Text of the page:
Moreover, Yeoman misreads the Supreme Court's reasoning in Pace. Yeoman characterizes Pace as holding that a petitioner's reasonable confusion about state filing deadlines will ordinarily constitute “good cause” for a stay. He asserts that his confusion about exhaustion requirements similarly provided good cause for seeking a stay, and that the court abused its discretion here in denying him a stay. The Pace Court addressed the possible plight of a petitioner, trying in good faith to exhaust state remedies, who might litigate in state court for years only to find out that his claim was never “properly filed,” and thus his federal habeas petition is time-barred. In order to avoid that predicament, the Supreme Court suggested that a petitioner seeking state court post-conviction relief could also file a “protective” petition in federal court and ask the federal court to stay and abey federal habeas proceedings until state remedies were exhausted. Pace, 544 U.S. at 416, 125 S.Ct. 1807. Citing Rhines, the Court said that a “petitioner's reasonable confusion about whether a state filing would be timely will ordinarily constitute ‘good cause’ for him to file in federal court.” Pace, 544 U.S. at 416–17, 125 S.Ct. 1807 (citing Rhines, 544 U.S. at 278, 125 S.Ct. 1528 for the proposition that if the petitioner had good cause for his failure to exhaust, if his unexhausted claims are potentially meritorious, and if there is no indication that the petitioner engaged in intentionally dilatory tactics, then the district court likely “should stay, rather than dismiss, the mixed petition”). Pace by its own terms applies to petitioners, “trying in good faith to exhaust state remedies.” 544 U.S. at 416, 125 S.Ct. 1807. Yeoman, at the time he sought a stay, was trying to delay exhaustion of state remedies on his last three claims in the hopes of instead reinstating his direct appeal rights through his first three claims. Nothing in Pace would support that strategy, and the district court did not abuse its discretion in finding that Yeoman's confusion was not “reasonable.”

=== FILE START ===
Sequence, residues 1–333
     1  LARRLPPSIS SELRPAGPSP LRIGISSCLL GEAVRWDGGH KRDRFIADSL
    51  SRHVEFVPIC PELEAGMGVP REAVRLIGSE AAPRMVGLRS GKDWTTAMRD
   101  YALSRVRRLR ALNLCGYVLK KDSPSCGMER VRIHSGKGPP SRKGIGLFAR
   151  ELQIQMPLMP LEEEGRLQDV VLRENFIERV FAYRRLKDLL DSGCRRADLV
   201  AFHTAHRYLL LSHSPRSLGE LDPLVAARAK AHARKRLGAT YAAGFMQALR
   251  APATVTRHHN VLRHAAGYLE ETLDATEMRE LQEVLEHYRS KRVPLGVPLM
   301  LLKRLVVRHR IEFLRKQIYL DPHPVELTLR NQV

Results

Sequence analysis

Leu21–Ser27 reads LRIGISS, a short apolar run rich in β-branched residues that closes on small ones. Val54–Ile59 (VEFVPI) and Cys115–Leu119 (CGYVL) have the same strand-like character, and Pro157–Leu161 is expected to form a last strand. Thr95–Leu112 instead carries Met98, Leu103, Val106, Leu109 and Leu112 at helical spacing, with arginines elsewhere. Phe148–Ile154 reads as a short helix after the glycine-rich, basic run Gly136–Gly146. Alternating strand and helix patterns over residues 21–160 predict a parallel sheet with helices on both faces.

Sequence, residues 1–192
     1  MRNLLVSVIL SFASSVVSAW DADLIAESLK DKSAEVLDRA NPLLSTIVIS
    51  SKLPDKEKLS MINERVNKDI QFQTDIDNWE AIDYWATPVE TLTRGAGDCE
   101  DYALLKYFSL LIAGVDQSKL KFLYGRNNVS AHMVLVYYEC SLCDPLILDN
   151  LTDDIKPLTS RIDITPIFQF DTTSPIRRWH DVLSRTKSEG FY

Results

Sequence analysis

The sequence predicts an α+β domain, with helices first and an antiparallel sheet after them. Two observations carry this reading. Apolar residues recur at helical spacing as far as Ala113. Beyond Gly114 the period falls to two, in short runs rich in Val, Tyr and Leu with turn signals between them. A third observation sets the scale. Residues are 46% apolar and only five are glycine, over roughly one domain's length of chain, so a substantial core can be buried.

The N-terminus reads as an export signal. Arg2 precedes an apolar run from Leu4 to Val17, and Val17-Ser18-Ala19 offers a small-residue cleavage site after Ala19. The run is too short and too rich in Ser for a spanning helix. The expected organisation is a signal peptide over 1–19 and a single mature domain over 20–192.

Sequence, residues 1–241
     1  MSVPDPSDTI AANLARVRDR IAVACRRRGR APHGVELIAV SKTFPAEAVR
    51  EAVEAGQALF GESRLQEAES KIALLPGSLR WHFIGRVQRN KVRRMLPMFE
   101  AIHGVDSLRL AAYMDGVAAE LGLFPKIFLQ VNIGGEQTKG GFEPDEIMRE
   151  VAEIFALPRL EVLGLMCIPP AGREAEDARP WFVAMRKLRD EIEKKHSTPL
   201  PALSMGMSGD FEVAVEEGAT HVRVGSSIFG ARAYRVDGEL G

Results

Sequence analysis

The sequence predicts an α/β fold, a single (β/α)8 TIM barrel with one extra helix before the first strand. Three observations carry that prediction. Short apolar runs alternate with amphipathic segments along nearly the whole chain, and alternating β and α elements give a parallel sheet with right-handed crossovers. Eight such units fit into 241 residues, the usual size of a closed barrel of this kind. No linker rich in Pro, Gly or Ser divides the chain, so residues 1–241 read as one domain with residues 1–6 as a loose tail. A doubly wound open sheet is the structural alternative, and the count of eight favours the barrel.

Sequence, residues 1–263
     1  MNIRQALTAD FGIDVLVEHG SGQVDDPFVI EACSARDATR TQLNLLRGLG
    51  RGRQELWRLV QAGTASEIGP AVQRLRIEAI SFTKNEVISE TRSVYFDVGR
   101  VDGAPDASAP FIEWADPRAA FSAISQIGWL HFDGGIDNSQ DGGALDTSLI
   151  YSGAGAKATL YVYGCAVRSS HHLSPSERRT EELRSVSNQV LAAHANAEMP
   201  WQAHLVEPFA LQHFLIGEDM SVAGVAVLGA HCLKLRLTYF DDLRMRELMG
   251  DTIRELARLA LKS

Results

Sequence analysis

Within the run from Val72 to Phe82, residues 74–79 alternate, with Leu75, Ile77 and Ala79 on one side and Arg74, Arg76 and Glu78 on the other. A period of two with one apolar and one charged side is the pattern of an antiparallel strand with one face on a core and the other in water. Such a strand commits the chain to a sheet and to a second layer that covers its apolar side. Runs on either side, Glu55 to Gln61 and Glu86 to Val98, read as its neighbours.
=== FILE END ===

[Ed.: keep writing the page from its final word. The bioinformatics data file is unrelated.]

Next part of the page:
Finally, Yeoman asserts that the denial of the stay and dismissal of his claims forever precludes habeas review of his unexhausted claims. But any unavailability of federal review would be due entirely to Yeoman's failure to exhaust his claims in state court first. In short, there was no abuse of discretion in the district court's decision to deny the stay on the ground that Yeoman lacked good cause for failing to exhaust his claims.
1. Yeoman consented to the jurisdiction of a magistrate judge pursuant to 28 U.S.C. § 636(c) and Federal Rule of Civil Procedure 73. Under section 636(c)(3) and Rule 73(c), he may take his appeal directly to this court in the same manner as any appeal from a district court judgment. We will refer to the court below as the district court.